Commission Approves Fund Swap – Part 2

Will the swap agreement enable the Key Largo Wastewater Treatment District (the District) to provide financial relief to its ratepayers?  Will they be able to lower rates or assessments?  That’s what this agreement should be about.  Is it really worth doing otherwise?  The money would be better spent on projects that reduce costs or increase revenue as a way to provide financial relief.

There is a brief mention of rate relief in the keysnews story, “Commission Approves Fund Swap“.  I already went into considerable detail about the agreement itself and concerns related to it, especially paragraph 16.  You can read more about it here, here and here.

This comment, in particular, caught my attention:

Ratepayers, according to Christian, will save around $106 on their bills per equivalent dwelling unit per year. The figure equates to a savings of about $8 a month.

‘Christian’ is Paul Christian, the District’s current General Manager.  As I recall, the $8 a month refers to the amount of the monthly base charge that goes toward debt service per EDU**.

When I requested a financial analysis of the interlocal agreement, I was told that no such document existed.  The last analysis I’m aware of was done before the $17 million was approved by the legislature in April/May 2014.  The analysis was meant to compare the effect of using $17 million to pay down debt versus using $17 million for new projects.  It was being used to argue that the Mayfield Grant should be allowed to refinance projects as originally intended because that was the best way to provide needed financial relief to the ratepayers.  The analysis assumed a lump sum payment of $17 million that could be immediately applied to debt.  That would have reduced annual debt service payments by $1.6 million per year for the entire term of the loan.  It would have saved ratepayers $110 per EDU per year on rates and about $42 per year on assessments.  Here’s a link:  FInal 10-29-2013 PRMG Memo.  The analysis did not consider the $8-$9 million in remaining construction.  At the time, Islamorada was making payments on its $10 million capital contribution to the District.  The thought was that those payments would be used to finance the remaining projects.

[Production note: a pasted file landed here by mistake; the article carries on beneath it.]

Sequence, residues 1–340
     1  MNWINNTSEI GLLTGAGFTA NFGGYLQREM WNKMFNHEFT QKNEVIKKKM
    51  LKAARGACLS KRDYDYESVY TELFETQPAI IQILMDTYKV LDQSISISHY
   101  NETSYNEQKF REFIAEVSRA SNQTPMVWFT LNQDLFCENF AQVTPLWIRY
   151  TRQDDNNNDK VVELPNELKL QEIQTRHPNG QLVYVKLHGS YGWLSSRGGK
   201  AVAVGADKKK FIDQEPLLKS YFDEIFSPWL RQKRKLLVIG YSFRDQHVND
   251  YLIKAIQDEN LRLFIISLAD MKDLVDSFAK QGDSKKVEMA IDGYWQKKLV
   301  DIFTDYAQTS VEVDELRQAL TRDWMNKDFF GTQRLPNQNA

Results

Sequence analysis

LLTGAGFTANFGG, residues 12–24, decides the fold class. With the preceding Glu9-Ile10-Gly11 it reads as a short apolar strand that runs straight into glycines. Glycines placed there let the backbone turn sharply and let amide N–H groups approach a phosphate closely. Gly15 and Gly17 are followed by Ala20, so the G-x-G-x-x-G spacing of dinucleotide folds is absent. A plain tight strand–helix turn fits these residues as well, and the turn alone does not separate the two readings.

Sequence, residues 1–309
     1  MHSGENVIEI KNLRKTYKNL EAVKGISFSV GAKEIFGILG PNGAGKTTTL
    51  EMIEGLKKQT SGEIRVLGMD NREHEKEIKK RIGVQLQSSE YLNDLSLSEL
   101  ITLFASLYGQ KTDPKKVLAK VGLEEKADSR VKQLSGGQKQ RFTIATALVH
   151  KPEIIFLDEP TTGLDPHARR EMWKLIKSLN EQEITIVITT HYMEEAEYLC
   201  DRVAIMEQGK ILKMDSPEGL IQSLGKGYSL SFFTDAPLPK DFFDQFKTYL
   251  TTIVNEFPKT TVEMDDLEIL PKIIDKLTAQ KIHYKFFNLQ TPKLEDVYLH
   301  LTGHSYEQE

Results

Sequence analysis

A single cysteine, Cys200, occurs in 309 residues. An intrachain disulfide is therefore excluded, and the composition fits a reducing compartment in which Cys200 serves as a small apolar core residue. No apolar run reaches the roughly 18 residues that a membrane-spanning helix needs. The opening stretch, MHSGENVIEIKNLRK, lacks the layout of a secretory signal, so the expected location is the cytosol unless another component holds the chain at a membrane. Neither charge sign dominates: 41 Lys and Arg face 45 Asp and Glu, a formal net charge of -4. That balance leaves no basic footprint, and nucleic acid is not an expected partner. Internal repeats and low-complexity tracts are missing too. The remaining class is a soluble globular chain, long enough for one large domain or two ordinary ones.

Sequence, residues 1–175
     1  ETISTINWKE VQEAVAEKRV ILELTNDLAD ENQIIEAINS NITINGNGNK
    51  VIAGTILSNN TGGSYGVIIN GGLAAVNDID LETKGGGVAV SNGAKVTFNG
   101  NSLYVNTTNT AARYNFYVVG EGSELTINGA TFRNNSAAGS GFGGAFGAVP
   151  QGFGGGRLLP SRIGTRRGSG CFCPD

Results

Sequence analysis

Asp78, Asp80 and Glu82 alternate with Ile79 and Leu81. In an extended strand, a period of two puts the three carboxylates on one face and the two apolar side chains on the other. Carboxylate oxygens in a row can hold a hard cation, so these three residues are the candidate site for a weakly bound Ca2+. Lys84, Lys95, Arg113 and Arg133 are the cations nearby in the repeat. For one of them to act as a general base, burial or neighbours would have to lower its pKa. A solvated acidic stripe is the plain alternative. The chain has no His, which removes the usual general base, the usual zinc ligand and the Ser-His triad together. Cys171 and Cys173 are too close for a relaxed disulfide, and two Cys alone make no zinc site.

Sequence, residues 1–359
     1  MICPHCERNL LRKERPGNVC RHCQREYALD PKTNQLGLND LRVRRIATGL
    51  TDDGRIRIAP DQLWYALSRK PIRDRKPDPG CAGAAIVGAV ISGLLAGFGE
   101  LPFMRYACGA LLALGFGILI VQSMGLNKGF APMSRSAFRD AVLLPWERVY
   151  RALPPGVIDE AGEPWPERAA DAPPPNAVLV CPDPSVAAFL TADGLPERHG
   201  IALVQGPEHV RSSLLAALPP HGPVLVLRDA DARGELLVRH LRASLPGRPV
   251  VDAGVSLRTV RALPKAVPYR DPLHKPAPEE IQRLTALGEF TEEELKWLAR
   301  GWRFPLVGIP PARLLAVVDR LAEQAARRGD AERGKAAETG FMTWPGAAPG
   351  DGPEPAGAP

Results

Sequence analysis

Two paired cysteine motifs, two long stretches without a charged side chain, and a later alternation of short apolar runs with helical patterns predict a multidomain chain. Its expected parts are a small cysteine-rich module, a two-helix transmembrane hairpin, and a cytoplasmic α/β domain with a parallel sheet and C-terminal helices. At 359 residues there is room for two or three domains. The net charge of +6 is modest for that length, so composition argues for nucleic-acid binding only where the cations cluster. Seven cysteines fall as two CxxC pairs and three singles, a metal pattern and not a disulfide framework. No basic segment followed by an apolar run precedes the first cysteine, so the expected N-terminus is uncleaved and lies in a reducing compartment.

A lot has changed since then.  The state came through with $50 million for the Keys, $17 million of that was for the District.  Unfortunately, the money came with the requirement that it be used for “new projects”.  Islamorada paid the remainder of its capital contribution charge early.  The District applied that money to debt, which improved the future financial picture, but wasn’t enough to offer immediate relief to the ratepayers.

Is the current agreement with the county enough to lower rates by $8 per EDU per month?  I don’t know.  The agreement with the county is not structured as a lump sum payment and the payments are interest-free.  There’s also the remaining $8-$9 million in construction projects that still need to be paid for.  There’s no word yet on where that money will come from.  These three conditions together could significantly reduce the benefit available to District ratepayers.  A rate reduction is possible but more information is definitely needed.

Let’s hope the state comes through with the next $50 million, including $12.5 million for the District.  That would definitely be a game-changer.

**One EDU (equivalent dwelling unit) is equal to one typical single family home in terms of wastewater flow.

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